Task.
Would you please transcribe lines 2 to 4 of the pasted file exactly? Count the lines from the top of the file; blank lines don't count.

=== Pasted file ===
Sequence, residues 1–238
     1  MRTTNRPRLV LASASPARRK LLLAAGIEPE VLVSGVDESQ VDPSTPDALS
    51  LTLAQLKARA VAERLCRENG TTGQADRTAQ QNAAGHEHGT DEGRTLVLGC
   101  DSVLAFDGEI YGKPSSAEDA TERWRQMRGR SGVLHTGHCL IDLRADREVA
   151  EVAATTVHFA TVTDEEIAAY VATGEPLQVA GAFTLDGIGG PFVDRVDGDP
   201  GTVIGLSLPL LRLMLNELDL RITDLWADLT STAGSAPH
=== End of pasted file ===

     1  MRTTNRPRLV LASASPARRK LLLAAGIEPE VLVSGVDESQ VDPSTPDALS
    51  LTLAQLKARA VAERLCRENG TTGQADRTAQ QNAAGHEHGT DEGRTLVLGC
   101  DSVLAFDGEI YGKPSSAEDA TERWRQMRGR SGVLHTGHCL IDLRADREVA